Rigoberto Hernandez is a journalism student at San Francisco State University. He has interned at The Oregonian and The Orange County Register, but prefers to report on the Mission District. In his spare time he can be found riding his bike around the city, going to Giants games and admiring the Stable building.

Hélène Goupil is a former editor at Mission Local who now works independently as a videographer and editor. She's the co-author of "San Francisco: The Unknown City" (Arsenal Pulp Press).

Molly is a multimedia journalist, editor, photographer and illustrator. She has contributed to dozens of publications, and most recently, served as Editor of the Pacific Sun. To view more of her work, visit

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  1. I have to laugh at the comments from people. It was only a year ago that most people were anti-cop and pro-Occupy. I guess once it comes into your neighborhood, it is a problem…..otherwise who cares!

    Castro has the SAME exact reaction to homelessness…..they are for helping them, as long as they are no where near the Castro…..then the police become involved.

  2. I think the protesters are fools to break into private property.

    On the other hand, I remember that the building owner, Les Natali, has a long history of leaving properties vacant in the Castro and has caused a lot of problems in the Castro. For example, the Patio Cafe has been boarded up for over 15 years. Such a waste to have shops boarded up for no good reason.

    Part of the responsibility of being a building owner is one’s commitment to the community by making sure your building is fully utilized to the benefit of the neighborhood. As a small property owner myself, I think it is highly irresponsible to leave units vacant. I wish the city would begin cracking down on under-utilization of space in this small town, and blight in general.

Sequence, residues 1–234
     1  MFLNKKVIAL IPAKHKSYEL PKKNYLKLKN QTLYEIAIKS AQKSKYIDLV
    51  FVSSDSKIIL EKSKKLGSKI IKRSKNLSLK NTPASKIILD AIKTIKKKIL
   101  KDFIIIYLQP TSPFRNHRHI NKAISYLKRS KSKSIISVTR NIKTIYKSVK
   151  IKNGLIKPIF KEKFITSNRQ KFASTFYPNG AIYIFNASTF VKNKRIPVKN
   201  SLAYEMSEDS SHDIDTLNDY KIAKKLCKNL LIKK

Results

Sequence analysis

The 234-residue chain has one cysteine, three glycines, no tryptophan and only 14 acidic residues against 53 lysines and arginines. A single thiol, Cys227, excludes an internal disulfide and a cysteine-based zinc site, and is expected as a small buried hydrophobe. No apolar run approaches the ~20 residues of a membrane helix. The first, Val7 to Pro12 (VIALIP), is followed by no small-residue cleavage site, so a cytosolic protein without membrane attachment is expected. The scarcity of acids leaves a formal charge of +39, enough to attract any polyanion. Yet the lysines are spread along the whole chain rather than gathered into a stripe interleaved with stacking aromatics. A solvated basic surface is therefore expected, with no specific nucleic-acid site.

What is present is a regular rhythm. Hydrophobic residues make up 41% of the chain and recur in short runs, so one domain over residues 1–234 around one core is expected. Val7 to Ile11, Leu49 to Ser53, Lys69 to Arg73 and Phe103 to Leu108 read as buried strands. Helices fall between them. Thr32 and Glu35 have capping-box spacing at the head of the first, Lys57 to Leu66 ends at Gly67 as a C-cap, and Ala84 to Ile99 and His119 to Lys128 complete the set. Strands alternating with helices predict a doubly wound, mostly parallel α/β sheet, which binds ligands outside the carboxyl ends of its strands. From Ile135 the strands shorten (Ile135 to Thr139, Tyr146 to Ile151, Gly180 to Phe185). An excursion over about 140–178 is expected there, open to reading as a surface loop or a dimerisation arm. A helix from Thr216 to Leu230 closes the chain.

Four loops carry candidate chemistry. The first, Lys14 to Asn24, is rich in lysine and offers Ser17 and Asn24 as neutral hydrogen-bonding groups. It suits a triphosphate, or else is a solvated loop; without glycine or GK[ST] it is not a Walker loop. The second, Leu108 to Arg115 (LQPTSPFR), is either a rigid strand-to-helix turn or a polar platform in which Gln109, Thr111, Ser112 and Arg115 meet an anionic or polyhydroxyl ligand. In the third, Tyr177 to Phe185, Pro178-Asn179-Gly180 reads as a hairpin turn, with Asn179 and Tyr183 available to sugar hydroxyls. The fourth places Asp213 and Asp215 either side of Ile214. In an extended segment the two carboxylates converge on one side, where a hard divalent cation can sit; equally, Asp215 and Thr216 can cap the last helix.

3. I’m sorry there are so many homeless in the city… but I would bet that a large part of them want to be on the streets! As for the property owner; it shouldn’t make a damn bit of difference as to how long it has remained vacant. That is not the issue at hand!

    If the city is will to negotiate with the owner on a reasonable rate then they could rent the place and let the homeless get off the street.

    But then why should my tax dollars pay for someone who isn’t willing to work for anything. Rather break and enter and then occupy by force.

    A strange world we live in!

  4. It’s funny. Even if those housing units were put back on the market, I doubt any sensible landlord would want to rent it out to a homeless person with no income. I don’t quite understand this protest.

  5. These guys aren’t going to gain any traction until they play the game the way the T party does. We are not in the 60’s or 70’s so the image has to change in order to get the kind of attention desired. As it is, the protesters look like a band of pot smoking lefty loonies, even if they are not. The “establishment” will use all means at it’s disposal to marginalize these protesters and discredit them as, “off the edge”. The trick is to use the T party’s own tactics against them, if the movement really wants to make a difference and be taken seriously.